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As soon as June 27, 2016, avocados from any Mexican state will be allowed into the United States, as long as packers follow a systems approach for shipping and the protocol has been certified.

On Feb. 5, 1997, the U.S. Department of Agriculture first allowed limited shipments of Mexican avocados into the United States.  Initially, those shipments had to be from the state of Michoacán and were limited to 19 Northeastern states during a very limited time period in the winter.  In addition, each packingshed and each shipment had to be certified as being in compliance with the rules established by USDA’s Animal & Plant Health Inspection Service.  Over the years, Michoacán gained more and more access to the U.S. market to the point where today it enjoys total access.  But again, each shed and each shipment must be certified as pest free and following the protocol.

Within the last year, APHIS signaled that it would be expanding the ability to ship to any packing shed in the country as long as it again followed the rules.  

On Thursday, May 26, 2016, APHIS released a pre-publication notice stating that the following day (May 27) the amended rule would be posted in the Federal Register.  While it could further tweak that posting, the notice revealed that the Hass avocado shipping protocol is being amended “to allow importation of fresh Hass avocado fruit into the continental United States, Hawaii and Puerto Rico from all areas of Mexico subject to a systems approach.”

The notice states that the action “expands an already successful Hass avocado import program with Mexico.”   It further states that the effective date of the new rule is June 27, noting that “commercial consignments of Hass avocados from all areas of Mexico with an approved operational work plan will be allowed into the U.S. accompanied by a phytosanitary certificate certified by the NPPO (National Plant Protection Organization) of Mexico indicating compliance with the systems approach prescribed.”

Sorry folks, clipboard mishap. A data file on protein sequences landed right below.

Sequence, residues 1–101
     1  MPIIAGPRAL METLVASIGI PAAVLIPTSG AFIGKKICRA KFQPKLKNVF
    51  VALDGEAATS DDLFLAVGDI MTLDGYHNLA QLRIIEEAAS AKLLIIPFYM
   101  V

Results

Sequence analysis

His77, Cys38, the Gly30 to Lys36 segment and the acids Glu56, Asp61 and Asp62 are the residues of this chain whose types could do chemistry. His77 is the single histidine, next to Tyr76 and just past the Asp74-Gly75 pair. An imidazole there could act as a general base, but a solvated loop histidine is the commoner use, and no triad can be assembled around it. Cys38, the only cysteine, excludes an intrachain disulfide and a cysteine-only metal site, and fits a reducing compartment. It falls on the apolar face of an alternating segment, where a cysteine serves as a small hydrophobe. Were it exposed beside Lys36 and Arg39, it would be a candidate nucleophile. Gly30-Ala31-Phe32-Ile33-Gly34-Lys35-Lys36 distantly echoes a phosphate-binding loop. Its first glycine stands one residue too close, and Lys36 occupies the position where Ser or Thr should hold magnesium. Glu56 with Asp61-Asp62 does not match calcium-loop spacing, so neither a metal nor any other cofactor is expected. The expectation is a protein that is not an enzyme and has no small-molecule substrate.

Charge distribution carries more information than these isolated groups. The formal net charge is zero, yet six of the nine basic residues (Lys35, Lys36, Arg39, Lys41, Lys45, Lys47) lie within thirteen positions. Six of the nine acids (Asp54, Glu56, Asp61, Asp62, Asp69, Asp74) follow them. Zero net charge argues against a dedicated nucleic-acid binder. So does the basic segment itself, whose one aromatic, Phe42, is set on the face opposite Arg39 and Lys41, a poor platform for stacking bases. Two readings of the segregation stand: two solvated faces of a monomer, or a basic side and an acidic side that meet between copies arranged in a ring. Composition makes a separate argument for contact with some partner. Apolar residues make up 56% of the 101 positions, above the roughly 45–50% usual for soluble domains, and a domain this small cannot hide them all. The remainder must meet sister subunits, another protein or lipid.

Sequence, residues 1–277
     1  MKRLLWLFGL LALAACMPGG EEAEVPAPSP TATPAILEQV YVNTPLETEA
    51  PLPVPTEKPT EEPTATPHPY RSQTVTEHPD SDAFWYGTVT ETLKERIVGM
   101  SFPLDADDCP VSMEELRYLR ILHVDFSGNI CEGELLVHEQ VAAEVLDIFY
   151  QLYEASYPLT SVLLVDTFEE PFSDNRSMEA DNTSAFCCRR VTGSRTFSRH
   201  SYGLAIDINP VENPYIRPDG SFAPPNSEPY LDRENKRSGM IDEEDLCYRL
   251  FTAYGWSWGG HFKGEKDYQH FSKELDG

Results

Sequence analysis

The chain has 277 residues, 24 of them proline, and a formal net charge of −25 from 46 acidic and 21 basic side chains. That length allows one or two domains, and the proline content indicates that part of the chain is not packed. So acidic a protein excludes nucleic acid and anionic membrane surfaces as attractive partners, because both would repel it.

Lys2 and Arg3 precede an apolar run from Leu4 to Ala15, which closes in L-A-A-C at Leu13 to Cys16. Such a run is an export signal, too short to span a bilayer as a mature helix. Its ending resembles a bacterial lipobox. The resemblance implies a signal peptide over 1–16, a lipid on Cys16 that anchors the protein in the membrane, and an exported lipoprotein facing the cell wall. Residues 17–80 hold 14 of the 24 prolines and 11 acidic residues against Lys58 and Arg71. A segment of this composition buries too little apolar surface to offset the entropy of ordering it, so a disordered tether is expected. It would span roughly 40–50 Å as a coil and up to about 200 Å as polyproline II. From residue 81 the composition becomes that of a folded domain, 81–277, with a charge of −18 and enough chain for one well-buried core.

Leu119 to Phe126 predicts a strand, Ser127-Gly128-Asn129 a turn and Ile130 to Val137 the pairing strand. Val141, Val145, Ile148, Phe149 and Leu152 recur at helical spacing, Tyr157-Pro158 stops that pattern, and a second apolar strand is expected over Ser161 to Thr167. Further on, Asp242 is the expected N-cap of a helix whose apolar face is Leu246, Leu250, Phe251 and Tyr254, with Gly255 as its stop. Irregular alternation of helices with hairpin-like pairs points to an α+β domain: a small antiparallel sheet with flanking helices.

The June 27 effective date is dependent upon the actual posting in the Federal Register 30 days earlier on May 27.  This action was not unexpected, only the timing was in doubt.  

While this is expected to allow a greater volume of Mexican avocados the opportunity to come into the U.S. market, Michoacán is where the great majority of Mexican avocados are produced.  It is widely considered that packing operations in the state of Jalisco will be the first to be able to meet the certification requirements.  There is mature commercial production in that state with some packers already shipping to other export markets.  Several U.S. avocado distributors have working relationships with Jalisco producers.

Mission Produce Inc. in Oxnard, CA, which does have partnerships with Jalisco producers, does not expect this to have a major impact on the global marketing of avocados.  Vice President of Marketing Robb Bertels told The Produce News on May 26 that Jalisco avocados are already being marketed globally.  “This ruling won’t magically increase the supply of avocados,” he said.  “What it does is give Jalisco producers another market for their fruit.  We expect them to follow the money and sell that fruit where it is most profitable.”

He said Mission already sources fruit from Jalisco and sells it to buyers around the world.  Bertels did agree that over time there may be some avocado supplies currently sold in the national market that find their way to the generally more-lucrative global arena.  But he said the price differential between those two markets has been narrowing in recent years.  The Mission Produce executive did allow that the Jalisco fruit could have an impact on the general California marketing situation as the harvest time for that fruit is more aligned with the California season.  However, he reiterated that the volume of fruit from Michoacán already certified as able to come into the U.S. market greatly dwarfs even the potential production from Jalisco and other states, especially in the short term.